In our research group, we develop computer models to simulate the processes responsible for the evolution of the Earth's surface, such as bedrock incision by rivers and glaciers in mountain ranges, or the slow weathering of rock in low relief continental interiors. In doing so, we provide a framework to integrate field observations and laboratory measurements, and make predictions about places where no data exists or concerning the future evolution of the Earth's surface.
Our group employs a range of researchers who all share a common interest in computer models, but who are from a variety of research backgrounds, including geology, geophysics and mathematics. We also work closely with colleagues in other sections of the GFZ as well as other German and international research institutions and universities.
From time to time we are able to offer projects/internships to students interested in our research topics.
Our section regularly hosts seminars and talks by spakers from all over the world. In 2020 and 2021, almost all visits had to be cancelled due to the global situation. The programme of talks for 2023 is in preparation.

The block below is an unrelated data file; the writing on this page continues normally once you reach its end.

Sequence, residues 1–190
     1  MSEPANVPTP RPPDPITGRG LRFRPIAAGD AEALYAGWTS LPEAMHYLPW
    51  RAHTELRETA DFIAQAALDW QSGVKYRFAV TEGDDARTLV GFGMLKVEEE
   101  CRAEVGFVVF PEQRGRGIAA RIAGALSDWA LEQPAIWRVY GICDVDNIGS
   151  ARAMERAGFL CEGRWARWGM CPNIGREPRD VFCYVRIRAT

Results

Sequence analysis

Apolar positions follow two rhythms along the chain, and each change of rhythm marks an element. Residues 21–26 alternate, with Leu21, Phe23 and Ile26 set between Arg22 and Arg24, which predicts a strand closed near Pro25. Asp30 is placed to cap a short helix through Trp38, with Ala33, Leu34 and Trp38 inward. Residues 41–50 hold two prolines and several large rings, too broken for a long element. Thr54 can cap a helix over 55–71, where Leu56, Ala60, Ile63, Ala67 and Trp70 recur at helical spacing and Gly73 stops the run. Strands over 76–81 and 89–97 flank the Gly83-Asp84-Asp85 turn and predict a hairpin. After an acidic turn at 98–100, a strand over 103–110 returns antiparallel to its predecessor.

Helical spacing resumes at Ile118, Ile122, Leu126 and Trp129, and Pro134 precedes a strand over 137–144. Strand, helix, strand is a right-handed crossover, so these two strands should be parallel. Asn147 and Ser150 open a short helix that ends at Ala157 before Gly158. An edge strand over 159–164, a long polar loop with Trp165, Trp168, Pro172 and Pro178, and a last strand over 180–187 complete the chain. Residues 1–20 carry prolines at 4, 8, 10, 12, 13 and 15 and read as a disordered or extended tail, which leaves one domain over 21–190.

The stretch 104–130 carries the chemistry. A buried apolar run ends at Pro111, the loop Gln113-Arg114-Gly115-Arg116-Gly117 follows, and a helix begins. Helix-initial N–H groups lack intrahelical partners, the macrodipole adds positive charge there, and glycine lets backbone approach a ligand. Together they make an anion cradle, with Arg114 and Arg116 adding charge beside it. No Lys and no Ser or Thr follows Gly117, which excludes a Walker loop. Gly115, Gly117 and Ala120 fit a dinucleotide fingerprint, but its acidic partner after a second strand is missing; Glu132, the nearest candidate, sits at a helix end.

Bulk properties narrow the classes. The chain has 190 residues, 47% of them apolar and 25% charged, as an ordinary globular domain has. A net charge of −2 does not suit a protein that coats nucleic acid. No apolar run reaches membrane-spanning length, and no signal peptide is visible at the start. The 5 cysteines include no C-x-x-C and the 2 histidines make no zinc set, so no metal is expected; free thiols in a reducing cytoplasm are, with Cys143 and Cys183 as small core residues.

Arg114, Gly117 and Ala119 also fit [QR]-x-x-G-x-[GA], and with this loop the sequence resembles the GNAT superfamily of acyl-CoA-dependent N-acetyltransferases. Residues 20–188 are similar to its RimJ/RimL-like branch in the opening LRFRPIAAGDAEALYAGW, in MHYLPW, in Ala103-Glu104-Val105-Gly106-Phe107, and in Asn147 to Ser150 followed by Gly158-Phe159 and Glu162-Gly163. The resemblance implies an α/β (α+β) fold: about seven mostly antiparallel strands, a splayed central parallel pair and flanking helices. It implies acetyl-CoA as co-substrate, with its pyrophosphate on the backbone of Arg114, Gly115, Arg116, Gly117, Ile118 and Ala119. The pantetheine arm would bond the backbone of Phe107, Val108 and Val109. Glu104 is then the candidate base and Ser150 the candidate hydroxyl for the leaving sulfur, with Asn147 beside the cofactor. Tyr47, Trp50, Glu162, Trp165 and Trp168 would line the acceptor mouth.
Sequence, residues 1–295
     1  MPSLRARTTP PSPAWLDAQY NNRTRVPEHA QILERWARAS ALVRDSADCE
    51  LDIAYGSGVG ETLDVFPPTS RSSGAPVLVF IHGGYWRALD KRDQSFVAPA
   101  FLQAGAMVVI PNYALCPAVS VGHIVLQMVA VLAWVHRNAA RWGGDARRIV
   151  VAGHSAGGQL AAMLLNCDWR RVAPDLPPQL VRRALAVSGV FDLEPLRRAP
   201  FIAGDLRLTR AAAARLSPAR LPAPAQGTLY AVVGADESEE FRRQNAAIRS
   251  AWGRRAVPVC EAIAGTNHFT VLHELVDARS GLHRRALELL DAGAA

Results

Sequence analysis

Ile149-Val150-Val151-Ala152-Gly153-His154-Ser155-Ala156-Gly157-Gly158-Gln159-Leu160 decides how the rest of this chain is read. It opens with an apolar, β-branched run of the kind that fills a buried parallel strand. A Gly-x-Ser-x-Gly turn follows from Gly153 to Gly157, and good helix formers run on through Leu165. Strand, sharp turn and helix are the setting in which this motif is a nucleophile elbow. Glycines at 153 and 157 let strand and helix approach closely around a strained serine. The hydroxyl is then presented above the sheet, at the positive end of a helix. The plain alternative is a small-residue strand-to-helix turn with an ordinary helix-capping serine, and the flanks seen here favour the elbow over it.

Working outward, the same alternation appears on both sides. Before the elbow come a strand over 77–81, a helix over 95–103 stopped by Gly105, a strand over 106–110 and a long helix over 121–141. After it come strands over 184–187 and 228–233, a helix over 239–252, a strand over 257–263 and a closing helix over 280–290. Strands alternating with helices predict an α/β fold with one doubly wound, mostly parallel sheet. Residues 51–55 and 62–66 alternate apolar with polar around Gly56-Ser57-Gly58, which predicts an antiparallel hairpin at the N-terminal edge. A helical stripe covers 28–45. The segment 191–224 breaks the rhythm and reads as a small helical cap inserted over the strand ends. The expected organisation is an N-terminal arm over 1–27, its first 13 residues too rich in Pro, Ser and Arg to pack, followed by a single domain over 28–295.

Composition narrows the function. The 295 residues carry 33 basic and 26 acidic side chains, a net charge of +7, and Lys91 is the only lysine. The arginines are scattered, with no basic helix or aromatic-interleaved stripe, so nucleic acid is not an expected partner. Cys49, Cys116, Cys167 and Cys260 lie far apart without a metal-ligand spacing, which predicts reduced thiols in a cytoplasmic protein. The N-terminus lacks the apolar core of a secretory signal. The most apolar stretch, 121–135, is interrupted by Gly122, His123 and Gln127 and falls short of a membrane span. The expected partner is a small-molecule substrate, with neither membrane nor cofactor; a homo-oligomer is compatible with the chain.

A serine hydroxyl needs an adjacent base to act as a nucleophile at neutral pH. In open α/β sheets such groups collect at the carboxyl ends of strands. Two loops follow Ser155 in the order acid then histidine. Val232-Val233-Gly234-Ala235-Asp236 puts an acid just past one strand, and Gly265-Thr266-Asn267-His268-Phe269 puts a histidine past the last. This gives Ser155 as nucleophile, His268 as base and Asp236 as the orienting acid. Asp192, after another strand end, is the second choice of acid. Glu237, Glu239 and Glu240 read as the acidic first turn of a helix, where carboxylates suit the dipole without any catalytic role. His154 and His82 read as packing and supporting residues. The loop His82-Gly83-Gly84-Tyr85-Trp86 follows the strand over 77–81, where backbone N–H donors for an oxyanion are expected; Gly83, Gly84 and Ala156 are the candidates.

Confirmed dates for 2023:
14. Feb. 2023, 14:00 - seminar room at Großer Refraktor (A27):
Speaker: Dr. Eyal Marder, Indiana University
Please also check out Landscapes Live, a weekly online seminar series freely accessible to the international scientific community interested in various aspects of geomorphology. Recent talk can be viewed on the YouTube channel.
Welcome to Dr. Dingzhu Liu, OCPC Fellow
On March 1st, Dr. Dingzhu Liu joined our section as an OCPC-Helmholtz post-doctoral fellow. The OCPC-Helmholtz fellowship is co-funded by the Helmholtz Association and the Office of China Postdoc Council to support outstanding Chinese post-doctoral talents and to strengthen the cooperation between Helmholtz Research Centers and Chinese partner institutions.
Dr. Dingzhu Liu will work with Dr. Hui Tang, Prof. Dr. Jean Braun, and Dr. Jens Turowski from Section 4.6: Geomorphology. His work will focus on understanding how debris flows and landslides change landscapes. To do that, he will integrate extreme short-term processes, such as landslides and debris flows, into a long-term landscape evolution model to form a multi-scale landscape evolution model.